China’s State Council issued a “New Generation Artificial Intelligence Development Plan” yesterday, outlining how the country will create the world’s leading AI industry, with a target value of RMB1 trillion (US$148 billion) by 2030.
In the document, Beijing spelled out three steps to reach its goal of turning China Inc. into China AI. The first step is for China’s AI industry to maintain an advanced position in terms of AI technology and applications, and for the AI sector to become an important growth engine for the economy. The core AI industry will grow to RMB150 billion by 2020, in turn driving growth of related sectors to RMB1 trillion.
The second step is for China’s AI basic theory to achieve major breakthroughs, and for some Chinese AI technology and application to lead the world before the year of 2025. By then, China’s core AI sector should be as large as RMB400 billion, and driving other industries to the scale of RMB5 trillion.
The final step will see China lead the world in terms of AI theory, technology and applications by 2030, and for the country to become a major innovation center globally. China’s core AI industry will be worth over RMB1 trillion, and related industries will reach around RMB10 trillion in value, according to the document.
Specifically, the plan calls for the creation of leading companies and brands in China in the areas of drones, natural language processing and image recognition. The country will also aim to nurture the creation and growth of key companies in intelligent robots, smart cars and wearable devices.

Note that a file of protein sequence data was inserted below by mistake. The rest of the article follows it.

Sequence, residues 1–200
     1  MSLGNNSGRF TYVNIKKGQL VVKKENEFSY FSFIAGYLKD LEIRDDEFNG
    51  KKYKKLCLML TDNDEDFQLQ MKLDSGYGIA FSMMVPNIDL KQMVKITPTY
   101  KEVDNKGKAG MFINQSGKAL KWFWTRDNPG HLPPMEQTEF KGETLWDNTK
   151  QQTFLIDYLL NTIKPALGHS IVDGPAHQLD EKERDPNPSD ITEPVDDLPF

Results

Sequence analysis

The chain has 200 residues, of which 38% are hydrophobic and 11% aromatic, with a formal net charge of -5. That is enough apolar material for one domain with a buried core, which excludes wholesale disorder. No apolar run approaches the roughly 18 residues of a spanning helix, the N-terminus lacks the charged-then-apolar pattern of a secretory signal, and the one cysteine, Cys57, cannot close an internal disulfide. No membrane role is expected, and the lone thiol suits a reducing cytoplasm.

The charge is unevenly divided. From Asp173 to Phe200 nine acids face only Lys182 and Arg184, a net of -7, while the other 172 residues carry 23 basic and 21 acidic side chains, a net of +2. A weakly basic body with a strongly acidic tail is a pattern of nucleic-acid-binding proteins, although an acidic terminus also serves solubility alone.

Private markets are encouraged to support the AI sector’s growth, while government fiscal spending should also strengthen its support for the cause. Government guidance funds and government-backed funds are called on to provide capital assistance to AI companies, while industry associations are encouraged to develop new AI investment funds. Local governments should support AI start-ups with tax breaks and other policy initiatives, says the plan.
Chinese AI companies are advised to “go abroad” to invest and acquire overseas AI companies. They are also encouraged to establish overseas research centers and conduct venture capital investments in foreign AI companies. Foreign AI companies and research institutions are encouraged to establish research centers in China.
In expectation that the application of AI will lead to job losses in certain sectors, the plan says that related government agencies should study changes in labor demand and help train workers for new jobs.
The plan also calls for the establishment of laws to deal with ethical and legal challenges stemming from the research and development of AI, and regulate the changing business environment in the age of AI. The need for such laws was evident last month when Baidu Inc’s CEO Robin Li showed off the company’s new self-driving car in a video at a company conference, even though operating such autonomous vehicles is currently illegal in China.